Diversity is so much of a gay buzz word it’s almost a cliché but it’s genuinely reflected in the events of a local producer who says he was inspired by noticeable absences on the D.C. social scene.
“I just saw some holes in my life and decided to put my hat in the mix,” says 35-year-old Jacob Pring, a gay Philadelphia native who splits his time between Logan Circle and New York’s Hells Kitchen neighborhood.
After a false start last year, his Ruby Slipper Drag Brunch returns Sunday from 11 a.m. to 4 p.m. at Tabaq Bistro (1336 U St., N.W.). The second that ends, Pring will be at Town for a “Celebration of Life” tea dance (admission is $5). CODE, a gear fetish party with a strict dress code, is the first Saturday of every month at EFN Lounge (1318 9th St., N.W.). And Indigo is every Monday from 9 p.m. to 2 a.m., also at Tabaq on its glass-encased rooftop terrace.
But perhaps Pring’s signature event — or at least the one that’s generating the most community response — is POZ D.C., a weekly mixer at Green Lantern for HIV-positive gay men and those who support them. He does the same thing every Thursday in New York and has plans to “take it national.” Another incarnation debuts May 18 at the legendary Philadelphia gay bar Woody’s. Pring says Chicago is up next.
The idea came out of personal experience, says Pring, who has been HIV-positive for seven years.
“Every time I would meet people out, have a great evening, exchange phone numbers and then they would basically say, ‘Sorry, I can’t handle that,’ or ‘Have a good life, sorry.’ It’s really rude and obnoxious. … I wanted to create a positive environment for people who are positive and give them a safe place to go out and have fun.”
The community has been wholeheartedly supportive since Pring, an Air Force veteran who’s dabbled in mortgage banking, real estate, advertising and more, started it in November. It’s co-sponsored by the D.C. Center, D.C. Young POZ Socials, Hope D.C. and poziam.com. Pring says every bar he’s approached has been willing to host.
David Mariner, director of the D.C. Center, says POZ is more than a social event and provides an important service to local HIV-positive gay men.
“We know from the recent data that as many as 14 percent of the MSMs in the District and over 20 percent of MSMs of color are positive and about 40 percent of them don’t even know their status,” Mariner says. “So for me it’s really important for us to create spaces where people can be out and open about their HIV status where as a community we can talk about it and address it. Plus, you know, everyone deserves a safe space to hang out, to be comfortable. That’s what Jacob’s doing and I think it’s wonderful.”
CODE, which Pring calls a “new age leather party,” has been the bigger draw. It averages about 150 each month and costs $10 (Pring says he’s unfazed by turning people away who don’t follow the dress code). POZ, though, which attracts anywhere from 30 to 100 each week, offers a completely different vibe. The DJs who spin there are openly HIV-positive and say a sense of camaraderie is developing.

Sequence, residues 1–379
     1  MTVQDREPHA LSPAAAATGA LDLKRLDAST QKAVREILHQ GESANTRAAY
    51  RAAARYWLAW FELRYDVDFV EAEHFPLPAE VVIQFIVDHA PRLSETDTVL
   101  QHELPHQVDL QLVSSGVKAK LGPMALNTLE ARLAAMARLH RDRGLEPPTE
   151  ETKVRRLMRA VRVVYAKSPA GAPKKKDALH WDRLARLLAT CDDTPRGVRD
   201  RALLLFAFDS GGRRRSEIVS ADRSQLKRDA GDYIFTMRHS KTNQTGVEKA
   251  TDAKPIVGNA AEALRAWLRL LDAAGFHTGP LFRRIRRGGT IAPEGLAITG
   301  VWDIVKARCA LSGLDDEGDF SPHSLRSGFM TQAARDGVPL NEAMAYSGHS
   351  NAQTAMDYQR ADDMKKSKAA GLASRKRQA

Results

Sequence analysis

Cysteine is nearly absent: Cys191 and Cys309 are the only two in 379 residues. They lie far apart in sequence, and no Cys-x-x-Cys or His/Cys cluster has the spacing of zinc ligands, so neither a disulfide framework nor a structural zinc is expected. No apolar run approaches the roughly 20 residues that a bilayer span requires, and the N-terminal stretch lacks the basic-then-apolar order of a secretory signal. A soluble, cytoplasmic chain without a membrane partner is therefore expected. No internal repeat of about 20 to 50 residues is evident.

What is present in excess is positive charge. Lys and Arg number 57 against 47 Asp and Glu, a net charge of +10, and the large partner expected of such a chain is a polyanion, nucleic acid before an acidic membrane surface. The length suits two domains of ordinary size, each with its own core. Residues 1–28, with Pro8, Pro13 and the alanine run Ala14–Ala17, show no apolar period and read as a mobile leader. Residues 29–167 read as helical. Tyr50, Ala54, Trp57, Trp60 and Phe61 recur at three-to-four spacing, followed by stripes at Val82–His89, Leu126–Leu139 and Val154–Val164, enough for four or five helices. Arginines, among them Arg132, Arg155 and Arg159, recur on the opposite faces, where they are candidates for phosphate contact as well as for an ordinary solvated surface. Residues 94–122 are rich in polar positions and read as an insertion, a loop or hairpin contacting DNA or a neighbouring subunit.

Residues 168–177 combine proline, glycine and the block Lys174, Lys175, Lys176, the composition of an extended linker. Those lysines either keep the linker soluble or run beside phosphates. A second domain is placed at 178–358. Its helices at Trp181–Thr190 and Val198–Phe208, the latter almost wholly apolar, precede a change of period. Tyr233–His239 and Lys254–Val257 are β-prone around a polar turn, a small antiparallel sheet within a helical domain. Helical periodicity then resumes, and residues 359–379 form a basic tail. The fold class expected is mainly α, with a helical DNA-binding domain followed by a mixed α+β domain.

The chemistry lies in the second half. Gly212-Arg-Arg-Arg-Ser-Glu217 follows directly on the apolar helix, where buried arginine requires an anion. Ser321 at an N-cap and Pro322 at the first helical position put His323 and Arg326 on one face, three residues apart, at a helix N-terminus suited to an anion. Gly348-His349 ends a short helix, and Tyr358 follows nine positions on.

“It’s a little more relaxed,” says Eric Evans, a Silver Spring, Md., resident who spins for Pring. “People talk more, get to know each other a little better. There’s a sense of community developing.”
Several POZ DJs say anti-HIV stigma in gay dating and hook-up circles can be significant.
“Oh, if I had to guess a percentage of OK, not OK, I’d say 60 percent are not OK and maybe 40 percent are OK,” says Erik Lars Evans, another POZ DJ who uses his middle name to avoid confusion with the previously quoted Eric Evans. “To a certain degree, yes, it does affect dating and your social life. It’s not always an issue but it certainly can be.”
Keith Hoffman, who’s known Pring since the late ’90s when Hoffman worked at Velvet Nation, says it’s not about serosorting or hooking up.
“Just because somebody’s there doesn’t necessarily mean they’re positive,” he says. “We don’t have Whitman-Walker there testing at the door. It’s for people who are positive or for those who don’t have issues with dating or sleeping with positive guys. It’s not about having promiscuous, unprotected sex. It’s about acceptance. That’s kind of what we’re aiming for.”
Pring knows one couple who met at POZ and started dating. Hoffman says he’s been surprised at times by who he’s seen there.
“There’s a guy I know and had no idea,” Hoffman says. “Kind of a friend of a friend and I’d always found him attractive and nice but never really connected with. And goddamn it, he showed up Wednesday. I was like, ‘So are you?’ He said, ‘Yeah, I thought you knew.’ I didn’t know. It’s not tattooed on your forehead. But yeah, it’s been really refreshing.”
But is the concept of segregating HIV-positive guys a healthy thing? Bryan Yamasaki, another DJ who spins for Pring, says yes.
“I think it’s a necessary safe space,” says Yamasaki, who tested positive two years ago. “Mentally, spiritually, gay men can put you down as damaged goods. Some people, it’s like pulling teeth to get them to talk, but here you don’t have to worry about it. You can talk. There’s a lot of people who care.”
An HIV-positive party for those with HIV and those who are supportive
8 p.m. to midnight
1335 Green Court N.W.
www.jacobpring.com (coming soon)